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Information and resources on SARS-CoV-2 (the virus that causes COVID-19)

What are Coronaviruses?

What are Coronaviruses?

Coronaviruses are a family of RNA viruses that infect and cause disease in mammals and birds. In humans they typically cause upper respiratory infections that can range from mild to fatal.

Coronaviruses constitute the subfamily Orthocoronavirinae, in the family Coronaviridae. They have characteristic club-shaped spikes that project from their surface, which in electron micrographs create an image reminiscent of the stellar corona, from which their name derives.

Coronaviruses are divided into four genera:
  • Alphacoronavirus
  • Betacoronavirus
  • Gammacoronavirus
  • Deltacoronavirus

Alphacoronaviruses and betacoronaviruses infect mammals, while gammacoronaviruses and deltacoronaviruses primarily infect birds.


Betacoronaviruses (β-CoVs or Beta-CoVs) are one of four distinct genera of coronavirus. Member viruses are enveloped, positive-strand RNA viruses that infect mammals (including humans). The natural reservoir for betacoronaviruses are bats and rodents. Rodents are the reservoir for the subgenus Embecovirus, while bats are the reservoir for the other subgenera.

Each coronavirus genera are composed of various viral lineages with the betacoronavirus genus containing four such lineages: A, B, C, and D.

  • Embecovirus (lineage A) -- includes the two primary strains that cause the common cold
    • OC43
    • HKU1
  • Sarbecovirus (lineage B) -- includes SARS-CoVs
  • Merbecovirus (lineage C) -- includes MERS-CoV
  • Nobecovirus (lineage D) -- includes various bat coronaviruses

SARS-related coronaviruses

Severe acute respiratory syndrome-related coronaviruses (SARS-CoV) are a species of coronavirus (family Coronaviridae) within the genus Betacoronavirus and the subgenus Sarbecovirus (ie. SARS Betacoronavirus).

Bats serve as the main host reservoir species for the SARS-related coronaviruses. While SARS-coronaviruses have evolved in bats for thousands of years, they have only recently evolved to be able to jump into other species, including humans.

There have been two strains of SARS-CoV that have made the jump into humans. Both have caused significant outbreaks. The first was SARS-CoV-1 (causes the disease referred to as SARS) in 2002-2004. The second was SARS-CoV-2 (causes the disease known as COVID-19), which since its arrival in late 2019 has become the largest pandemic in modern history.

Both SARS-CoV-1 and SARS-CoV-2 strains descended from a single ancestor but made the cross-species jump into humans separately. SARS-CoV-2 is not a direct descendant of SARS-CoV-1.

What is SARS-CoV-2?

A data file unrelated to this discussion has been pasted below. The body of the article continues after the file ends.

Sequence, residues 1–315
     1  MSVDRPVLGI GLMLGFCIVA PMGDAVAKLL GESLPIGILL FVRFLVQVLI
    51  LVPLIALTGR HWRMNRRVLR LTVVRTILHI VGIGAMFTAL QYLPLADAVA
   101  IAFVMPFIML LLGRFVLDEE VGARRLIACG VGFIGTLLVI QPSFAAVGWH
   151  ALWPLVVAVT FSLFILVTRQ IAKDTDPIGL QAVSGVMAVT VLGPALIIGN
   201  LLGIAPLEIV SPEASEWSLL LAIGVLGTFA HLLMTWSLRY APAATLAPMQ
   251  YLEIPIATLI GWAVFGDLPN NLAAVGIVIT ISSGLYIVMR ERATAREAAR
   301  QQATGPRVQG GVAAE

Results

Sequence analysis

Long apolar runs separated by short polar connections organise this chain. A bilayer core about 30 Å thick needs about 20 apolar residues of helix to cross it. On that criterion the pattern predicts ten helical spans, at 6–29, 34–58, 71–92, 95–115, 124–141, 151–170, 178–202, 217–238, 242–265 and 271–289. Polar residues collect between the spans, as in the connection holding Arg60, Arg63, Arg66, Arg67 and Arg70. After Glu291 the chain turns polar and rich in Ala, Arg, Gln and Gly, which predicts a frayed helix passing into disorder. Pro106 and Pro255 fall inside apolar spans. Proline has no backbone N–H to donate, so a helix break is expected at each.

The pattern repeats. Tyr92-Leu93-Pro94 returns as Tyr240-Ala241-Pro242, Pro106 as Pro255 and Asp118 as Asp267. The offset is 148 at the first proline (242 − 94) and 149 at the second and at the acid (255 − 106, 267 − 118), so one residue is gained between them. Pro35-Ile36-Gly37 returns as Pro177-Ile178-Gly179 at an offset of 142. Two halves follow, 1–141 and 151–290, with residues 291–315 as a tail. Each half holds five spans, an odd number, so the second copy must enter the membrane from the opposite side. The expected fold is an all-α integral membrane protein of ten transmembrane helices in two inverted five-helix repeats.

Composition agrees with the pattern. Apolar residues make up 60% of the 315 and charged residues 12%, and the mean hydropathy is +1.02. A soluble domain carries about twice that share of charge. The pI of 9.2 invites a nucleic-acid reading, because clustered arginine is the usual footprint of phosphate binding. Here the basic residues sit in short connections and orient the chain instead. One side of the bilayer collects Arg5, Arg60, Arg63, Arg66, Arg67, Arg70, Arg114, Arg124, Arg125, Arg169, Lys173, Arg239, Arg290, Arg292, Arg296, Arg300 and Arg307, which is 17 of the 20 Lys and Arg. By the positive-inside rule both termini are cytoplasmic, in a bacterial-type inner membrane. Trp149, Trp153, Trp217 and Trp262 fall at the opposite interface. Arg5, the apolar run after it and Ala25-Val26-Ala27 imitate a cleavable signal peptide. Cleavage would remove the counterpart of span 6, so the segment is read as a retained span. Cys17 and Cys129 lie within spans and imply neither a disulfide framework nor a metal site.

COVID-19 infections are caused by a virus called SARS-CoV-2. It is part of the coronavirus family, which include common viruses that cause a variety of diseases from head or chest colds to more severe (but more rare) diseases like severe acute respiratory syndrome (SARS) and Middle East respiratory syndrome (MERS).

Like many other respiratory viruses, coronaviruses spread quickly through droplets that you project out of your mouth or nose when you breathe, cough, sneeze, or speak.

The word corona means crown and refers to the appearance that coronaviruses get from the spike proteins sticking out of them. These spike proteins are important to the biology of this virus. The spike protein is the part of the virus that attaches to a human cell to infect it, allowing it to replicate inside of the cell and spread to other cells. Some antibodies can protect you from SARS-CoV-2 by targeting these spike proteins. Because of the importance of this specific part of the virus, scientists who sequence the virus for research constantly monitor mutations causing changes to the spike protein through a process called genomic surveillance.

As genetic changes to the virus happen over time, the SARS-CoV-2 virus begins to form genetic lineages. Just as a family has a family tree, the SARS-CoV-2 virus can be similarly mapped out. Sometimes branches of that tree have different attributes that change how fast the virus spreads, or the severity of illness it causes, or the effectiveness of treatments against it. Scientists call the viruses with these changes “variants”. They are still SARS-CoV-2, but may act differently.

The Origin of COVID-19 Debate

From the moment the World Health Organization announced on January 4, 2020 that there was an outbreak of a pneumonia of unknown cause in Wuhan, China, there has been speculation, debate, finger pointing, and accusations regarding where SARS-CoV-2 came from.

On March 17, 2020, a commentary was published in Nature Medicine, "The Proximal Origin of SARS-CoV-2" by a group of virologists, including Kristian Anderson, Robert Garry, and Edward Holmes., which came to the conclusion that "SARS-CoV-2 is not a laboratory construct or a purposefully manipulated virus."

However, the details of how this commentary came to be, as well as other concerning conflicts of interest and suspicious circumstantial evidence has come under scrutiny after various Freedom of Information (FOIA) requests were made public, from multiple groups, including:

There has also been information released to the public from the U.S. Congressional Select Subcommittee on the Coronavirus Pandemic's Investigating the Origins of COVID-19 and in March 2023, Congress unanimously voted to declassify information related to the origins of COVID-19 that was used by various intelligence agencies in their assessments which was signed into law by President Biden on March 23, 2023.